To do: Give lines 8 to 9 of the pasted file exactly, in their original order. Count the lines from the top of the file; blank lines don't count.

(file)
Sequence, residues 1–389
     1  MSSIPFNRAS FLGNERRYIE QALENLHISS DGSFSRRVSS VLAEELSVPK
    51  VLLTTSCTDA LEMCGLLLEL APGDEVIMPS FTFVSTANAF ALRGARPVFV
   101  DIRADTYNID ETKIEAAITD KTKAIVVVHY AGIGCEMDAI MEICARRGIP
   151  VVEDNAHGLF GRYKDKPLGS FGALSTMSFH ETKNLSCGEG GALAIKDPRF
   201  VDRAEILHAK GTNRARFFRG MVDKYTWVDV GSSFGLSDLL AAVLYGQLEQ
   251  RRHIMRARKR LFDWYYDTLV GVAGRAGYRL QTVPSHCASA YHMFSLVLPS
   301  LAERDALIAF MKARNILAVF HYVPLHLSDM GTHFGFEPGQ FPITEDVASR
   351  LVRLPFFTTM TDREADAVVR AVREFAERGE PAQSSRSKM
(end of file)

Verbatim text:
   301  LAERDALIAF MKARNILAVF HYVPLHLSDM GTHFGFEPGQ FPITEDVASR
   351  LVRLPFFTTM TDREADAVVR AVREFAERGE PAQSSRSKM